“Why do I not take the Lord that seriously?” my friend Missy said to me, after showing me a picture of a group of men lying on the floor face down as a Haitian pastor prayed over them. In the group of men were Missy’s husband and two teenage sons.
She’s been in deep prayer all week for her family serving abroad, but admitted to me that it’s not her norm. I too confessed that deep prayer and worship are not my norm.
In fact, I’m a lot like the Israelites. If I’m not on the mountain top or deep in the valley, I quickly forget who God is and choose instead my own methods of self-reliance. Continue reading “Small Things”
My friends, Faith and Kirk, are on their way to South America this week to adopt their sixteen year old daughter. Late last summer, Faith, a social worker by day, came across a Facebook post about a girl needing a forever-family by the end of 2016 or otherwise become ineligible for adoption due to her age according to the country’s adoption laws.
In a matter of a few hours, not only was Faith’s heart being tugged at for the girl, but her husband’s was as well. With faith that God was behind it and trusting Him to make it happen, Faith and Kirk said yes to the craziest whirlwind adventure of their lives yet.
Their decision to say yes was utterly impractical.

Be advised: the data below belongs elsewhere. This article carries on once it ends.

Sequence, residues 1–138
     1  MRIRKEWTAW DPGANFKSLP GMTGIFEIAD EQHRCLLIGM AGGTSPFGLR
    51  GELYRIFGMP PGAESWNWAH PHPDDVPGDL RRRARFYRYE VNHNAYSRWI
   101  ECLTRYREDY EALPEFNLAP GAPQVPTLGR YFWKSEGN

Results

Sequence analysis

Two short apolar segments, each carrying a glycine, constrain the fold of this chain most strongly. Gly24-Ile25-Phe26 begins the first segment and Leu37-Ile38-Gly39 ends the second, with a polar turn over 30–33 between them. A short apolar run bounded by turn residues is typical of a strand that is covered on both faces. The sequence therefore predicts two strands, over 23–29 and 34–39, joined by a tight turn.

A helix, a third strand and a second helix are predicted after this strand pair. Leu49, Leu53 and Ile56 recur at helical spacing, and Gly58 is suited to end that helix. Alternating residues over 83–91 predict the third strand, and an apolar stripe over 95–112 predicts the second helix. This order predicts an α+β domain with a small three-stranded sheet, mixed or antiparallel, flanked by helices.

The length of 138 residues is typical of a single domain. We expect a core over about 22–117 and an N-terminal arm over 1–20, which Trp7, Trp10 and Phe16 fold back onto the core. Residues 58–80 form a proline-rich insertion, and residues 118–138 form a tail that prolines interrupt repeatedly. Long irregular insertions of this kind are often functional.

Before their daughter’s sixteenth birthday, which was only a couple of quick months away, Faith and Kirk had to be at a very specific point in the adoption process. If they weren’t far enough along, she couldn’t be adopted at that point because of her age. Time was not on their side. Continue reading “The Impossible”
I said the words without thinking, but as soon as they were out of my mouth I wanted to take them back. Worse were the seconds after, watching her face fall and the hurt flash in the eyes of my friend from those thoughtless words. I could practically hear the thud as they landed heavy and hard against her heart.
My apology came out quickly and oh how I meant it! But the damage was already written all over my friend. She graciously accepted my apology, but we both knew my words were still stinging.
Saying our goodbyes for the evening I offered another sincere apology, as if by saying the word “sorry” enough times I could erase the words from earlier, but I parted my friend’s company that night with a heaviness in my own heart.
Continue reading “Receiving Forgiveness”
“Do you ponder the things God has said to you?”